Island Lake trustee candidates call for public-comment rules during village meetings

  • Upper from left, John Burke and Sandy Hartogh and lower from left, Debra Jenkins and Thea Morris are candidates for Island Lake board in the 2015 election.

    Upper from left, John Burke and Sandy Hartogh and lower from left, Debra Jenkins and Thea Morris are candidates for Island Lake board in the 2015 election.

Posted2/6/2015 5:30 AM

The candidates running for village board seats in Island Lake would like limitations enacted on public comments at meetings to keep sessions professional and efficient.

Trustee Thea Morris called meetings "kind of a free for all" because of a lack of rules governing public comment.


A second candidate, police Commissioner Debra Jenkins, said the occasionally heated exchanges with residents "might be a little unhealthy."

Four candidates are running for three seats with 4-year terms. Morris and Jenkins will be joined on the ballot by incumbent John Burke and political newcomer Sandy Hartogh.

The candidates discussed public conduct at board meetings and meeting efficiency during a group interview at the Daily Herald's Libertyville office.

Unlike most other governmental agencies in the area, Island Lake officials allow residents to speak throughout board meetings, not just during specific public comment sections. Mayor Charles Amrich rarely stops residents from participating in discussions.

by signing up you agree to our terms of service

There are two public comment periods during board meetings, one at the start of a session and one at the end. Residents regularly ask questions of officials and get answers during those periods.

The back-and-forth occasionally gets heated. And extended debates with residents have sometimes kept the board from conducting its business quickly.

"As much as I love that you can go in and you can ask a trustee (a question) and they will give you an answer on the spot, I think there's something to why other communities just say, 'Thank you for your comment," said Jenkins, who has been on the police commission since April 2014. "It might be a little unhealthy, the trustees answering right there."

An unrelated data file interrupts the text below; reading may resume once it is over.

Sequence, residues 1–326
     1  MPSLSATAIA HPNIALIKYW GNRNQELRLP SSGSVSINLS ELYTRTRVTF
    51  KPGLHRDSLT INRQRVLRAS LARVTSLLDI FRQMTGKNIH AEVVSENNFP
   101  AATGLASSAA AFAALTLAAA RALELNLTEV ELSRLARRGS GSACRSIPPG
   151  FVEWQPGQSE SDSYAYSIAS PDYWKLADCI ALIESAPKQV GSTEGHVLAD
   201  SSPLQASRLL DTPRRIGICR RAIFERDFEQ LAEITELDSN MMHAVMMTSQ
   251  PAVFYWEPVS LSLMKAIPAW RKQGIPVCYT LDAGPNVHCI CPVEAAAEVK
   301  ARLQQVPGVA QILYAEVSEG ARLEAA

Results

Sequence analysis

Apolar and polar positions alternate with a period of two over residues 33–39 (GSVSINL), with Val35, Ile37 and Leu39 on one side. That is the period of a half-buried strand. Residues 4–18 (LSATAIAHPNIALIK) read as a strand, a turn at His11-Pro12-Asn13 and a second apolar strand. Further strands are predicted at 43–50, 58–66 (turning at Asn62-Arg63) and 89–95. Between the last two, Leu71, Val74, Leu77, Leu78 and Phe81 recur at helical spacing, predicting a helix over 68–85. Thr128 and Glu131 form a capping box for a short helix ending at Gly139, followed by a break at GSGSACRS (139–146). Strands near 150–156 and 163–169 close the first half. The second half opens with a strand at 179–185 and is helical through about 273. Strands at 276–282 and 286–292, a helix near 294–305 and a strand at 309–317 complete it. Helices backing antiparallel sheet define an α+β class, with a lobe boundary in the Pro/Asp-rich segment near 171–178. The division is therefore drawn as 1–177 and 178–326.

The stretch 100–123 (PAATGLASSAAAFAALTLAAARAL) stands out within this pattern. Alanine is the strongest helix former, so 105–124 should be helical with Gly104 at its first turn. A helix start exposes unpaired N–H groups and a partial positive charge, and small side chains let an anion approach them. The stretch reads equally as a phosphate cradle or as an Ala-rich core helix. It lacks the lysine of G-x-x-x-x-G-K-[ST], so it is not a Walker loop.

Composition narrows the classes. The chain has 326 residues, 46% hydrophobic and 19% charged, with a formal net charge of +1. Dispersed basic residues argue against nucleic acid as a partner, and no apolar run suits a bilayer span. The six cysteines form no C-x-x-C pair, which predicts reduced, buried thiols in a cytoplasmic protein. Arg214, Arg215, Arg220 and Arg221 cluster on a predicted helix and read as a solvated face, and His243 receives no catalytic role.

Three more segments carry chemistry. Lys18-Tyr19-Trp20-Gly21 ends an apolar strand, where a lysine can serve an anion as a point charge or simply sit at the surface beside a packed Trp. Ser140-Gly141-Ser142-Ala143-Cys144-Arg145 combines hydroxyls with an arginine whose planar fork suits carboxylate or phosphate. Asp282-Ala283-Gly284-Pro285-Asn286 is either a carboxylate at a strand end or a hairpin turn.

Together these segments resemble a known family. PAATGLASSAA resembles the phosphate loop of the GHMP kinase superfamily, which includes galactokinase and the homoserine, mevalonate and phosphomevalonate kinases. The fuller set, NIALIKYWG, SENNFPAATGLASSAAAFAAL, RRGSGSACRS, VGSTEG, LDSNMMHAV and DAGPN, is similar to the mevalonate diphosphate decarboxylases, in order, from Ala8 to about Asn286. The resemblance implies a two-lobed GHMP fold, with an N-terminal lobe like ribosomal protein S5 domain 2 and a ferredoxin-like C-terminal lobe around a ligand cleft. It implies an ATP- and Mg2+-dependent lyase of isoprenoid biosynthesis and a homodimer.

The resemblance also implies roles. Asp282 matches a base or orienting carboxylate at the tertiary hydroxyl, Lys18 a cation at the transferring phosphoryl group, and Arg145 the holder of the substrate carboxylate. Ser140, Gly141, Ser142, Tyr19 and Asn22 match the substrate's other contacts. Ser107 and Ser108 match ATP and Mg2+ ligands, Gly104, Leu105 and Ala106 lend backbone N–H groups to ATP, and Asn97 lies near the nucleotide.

Hartogh, a former Daily Herald freelance reporter who has never held public office, also likes that residents can get questions answered at meetings. However, she supports limitations on public comments.

"You can ask a question, but you have (only) one question to ask," she said.

Hartogh also said she dislikes when audience members interrupt each other during public comment portions of meetings.


Burke, who was appointed to fill a vacancy in August 2014, favored limiting public comments to the two specific sections.

"The public has to wait their turn to go, because it drags stuff out," he said.

Morris, who was elected to the board in 2009, also said residents shouldn't be allowed to call out from their seats in the audience during meetings.

She suggested officials can encourage communication with residents by being more responsive via email.

"We need to develop those types of communication tools for our residents so they don't feel there's only twice a month they can reach us," Morris said.

Article Comments
Guidelines: Keep it civil and on topic; no profanity, vulgarity, slurs or personal attacks. People who harass others or joke about tragedies will be blocked. If a comment violates these standards or our terms of service, click the X in the upper right corner of the comment box. To find our more, read our FAQ.